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GENEALOGICAL RESOURCES

TRACING YOUR FAMILY TREE: A ROADMAP

Genealogy is a giant puzzle with a huge challenge. The challenge is to find the pieces that are relevant to your family and place them in ‘their proper perspective. Here are some suggestions for getting started.


1.  Organize what you already know.


Start with yourself or one of your children as the principal person and designate him/her as #1. Then fill in a family group sheet for every male in the direct line, assigning each a specific number as follows:


The father of the principal person- # 2; father’s father- # 4; mother’s father- # 6; father’s paternal grandfather- # g; father’s maternal grandfather- # 10; mother’s paternal grandfather- # 12; mother’s maternal grandfather- # 14; and continue making forms for as far back as you can go. Females are included on the husband’s form and are numbered thus: mother- # 3; father’s mother- # 5; mother’s mother- # 7; father’s paternal grandmother- # 9; father’s maternal grandmother- # 1I; mother’s paternal grandmother- # 13; mother’s maternal grandmother- # 15. Make a form for each marriage if person was married more than once. 


Note the numbering pattern. Number 1, the principal person, may be either male or female. After that all males are even numbers, all females are uneven numbers. Each person’s father is double his number and each male’s spouse is one number up from his. e.g. Mother is # 3, her father is # 6, her paternal grandfather is # 12 and his wife # 13, thus mother’s paternal great grandfather is # 24 and his wife is # 25, and so on back through the generations.


Fill in what vital information you know- dates and places of births, marriages, deaths, maiden names, parents’ names, and children’s names, etc. Note your sources of information. It is helpful to make forms for other branches of the family but they won’t be in your numbering system.




2.  Interview relatives.


Interview your oldest living relatives. Pick their brains about what they remember about the earliest days of the family and how family members are related, especially distant cousins, great aunts and uncles, etc., when and where they were born, where they lived. It’s helpful to record the conversations. Find out if anyone kept a family Bible with birth and marriage dates.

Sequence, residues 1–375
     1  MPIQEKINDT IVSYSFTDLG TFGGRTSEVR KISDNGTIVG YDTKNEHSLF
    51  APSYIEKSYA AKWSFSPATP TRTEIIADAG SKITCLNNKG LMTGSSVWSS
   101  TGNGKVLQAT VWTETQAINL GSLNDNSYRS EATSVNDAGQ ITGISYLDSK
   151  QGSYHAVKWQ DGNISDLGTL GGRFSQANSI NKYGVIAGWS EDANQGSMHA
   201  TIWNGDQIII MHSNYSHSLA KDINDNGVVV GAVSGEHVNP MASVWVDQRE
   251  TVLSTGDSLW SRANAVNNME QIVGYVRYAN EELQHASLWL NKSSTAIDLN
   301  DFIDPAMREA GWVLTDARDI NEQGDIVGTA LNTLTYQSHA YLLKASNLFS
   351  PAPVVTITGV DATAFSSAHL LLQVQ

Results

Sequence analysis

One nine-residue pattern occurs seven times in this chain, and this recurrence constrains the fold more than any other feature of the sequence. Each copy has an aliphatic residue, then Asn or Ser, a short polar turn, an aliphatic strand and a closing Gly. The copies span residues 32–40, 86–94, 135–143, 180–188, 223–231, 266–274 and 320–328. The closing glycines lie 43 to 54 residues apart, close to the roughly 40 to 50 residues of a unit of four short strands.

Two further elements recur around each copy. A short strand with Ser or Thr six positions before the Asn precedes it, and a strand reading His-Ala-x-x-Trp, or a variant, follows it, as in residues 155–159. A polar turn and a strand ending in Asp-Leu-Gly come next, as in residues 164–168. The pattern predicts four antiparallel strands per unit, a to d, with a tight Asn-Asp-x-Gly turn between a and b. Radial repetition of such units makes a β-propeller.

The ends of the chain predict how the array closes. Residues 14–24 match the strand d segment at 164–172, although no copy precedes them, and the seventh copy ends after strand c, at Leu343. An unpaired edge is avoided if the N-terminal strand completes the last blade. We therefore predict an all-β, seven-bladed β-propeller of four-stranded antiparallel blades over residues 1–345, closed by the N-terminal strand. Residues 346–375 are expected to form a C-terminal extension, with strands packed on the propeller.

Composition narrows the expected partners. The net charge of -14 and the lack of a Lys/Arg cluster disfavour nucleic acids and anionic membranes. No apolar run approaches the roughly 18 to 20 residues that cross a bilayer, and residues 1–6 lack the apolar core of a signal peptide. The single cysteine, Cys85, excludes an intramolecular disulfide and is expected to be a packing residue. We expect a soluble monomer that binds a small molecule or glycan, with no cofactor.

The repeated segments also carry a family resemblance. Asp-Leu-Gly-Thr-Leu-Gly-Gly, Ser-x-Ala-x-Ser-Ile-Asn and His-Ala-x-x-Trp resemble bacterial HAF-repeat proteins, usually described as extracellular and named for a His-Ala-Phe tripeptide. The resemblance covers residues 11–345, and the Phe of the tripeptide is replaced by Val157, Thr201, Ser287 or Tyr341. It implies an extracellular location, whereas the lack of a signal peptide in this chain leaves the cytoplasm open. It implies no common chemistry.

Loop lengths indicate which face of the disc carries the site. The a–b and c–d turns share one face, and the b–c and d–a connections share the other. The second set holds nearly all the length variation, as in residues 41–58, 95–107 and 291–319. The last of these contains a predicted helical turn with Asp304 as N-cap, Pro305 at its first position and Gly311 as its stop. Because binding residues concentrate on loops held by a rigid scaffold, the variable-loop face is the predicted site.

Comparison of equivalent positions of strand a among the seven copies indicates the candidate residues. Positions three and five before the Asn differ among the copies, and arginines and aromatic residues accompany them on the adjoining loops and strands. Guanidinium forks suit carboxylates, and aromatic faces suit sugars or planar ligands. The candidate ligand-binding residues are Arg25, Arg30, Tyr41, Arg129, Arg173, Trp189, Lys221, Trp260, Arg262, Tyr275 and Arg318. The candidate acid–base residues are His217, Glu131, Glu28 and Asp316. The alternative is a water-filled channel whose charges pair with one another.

3. Document all information.


Don’t take anyone’s word. Document all the information you have so far and don’t be surprised if you find discrepancies. Obtain copies of birth certificates, marriage records, death certificates, wills. Look for naturalization records, passenger lists for immigrants. Verify each ancestor’s places of residence. Check US Censuses, military records, land and tax records in counties where families lived. Check Mormon Church (LDS) records for baptisms and marriages all over the world.

 

4.  Seek new information.


Seek answers for the blanks you couldn’t fill and search for names of earlier ancestors, working back one generation at a time. The further you go back, the harder it is to find and document information. Birth/death certificates are rare prior to the early 1900’s. You’ll have to be resourceful to find women’s maiden names, their parents’ names and places of origin, for anyone several generations back. Look at all spellings of a name. Look for church records to verify marriages. Baptism records sometimes give dates of birth. Look for clues in side branches of the family.

 

5. Network with others.


Join at least two genealogical organizations- one where you live and one where your ancestors resided or originated. Networking is possible through queries in newsletters and society publications, and through correspondence by mail or on the Internet.

 

6. Educate yourself.

Read a good book on how to do genealogy or, better yet, sign up for a course in how to do it. Courses are often given in adult education classes in local communities. The National Genealogical Society (NGS) has an excellent correspondence course. Attend genealogy seminars and workshops. Visit county courthouses, libraries with old newspaper and genealogy sections, such as at historical societies and universities.

Check out archives at the county, state, and national levels. The Handy Book for Genealogists is invaluable for leasing what records are available in every state and county in the US, and for which years, and it gives addresses of where to write for the information.

 

7.  Use modern technology.

A number of computer programs are available where you can enter data once and it will automatically be applied to relevant persons. These programs eliminate repetitive entries and spit out descendant and ancestor charts with the click of a mouse. NGS features a computer-users section in its quarterly newsletter. Check out the various programs available in order to choose the one best for you.

 

The author of the document is Clan Irwin Member:


Patricia Irwin Lesky

100 Willow Spring Rd

Wilmington DE 19807-2434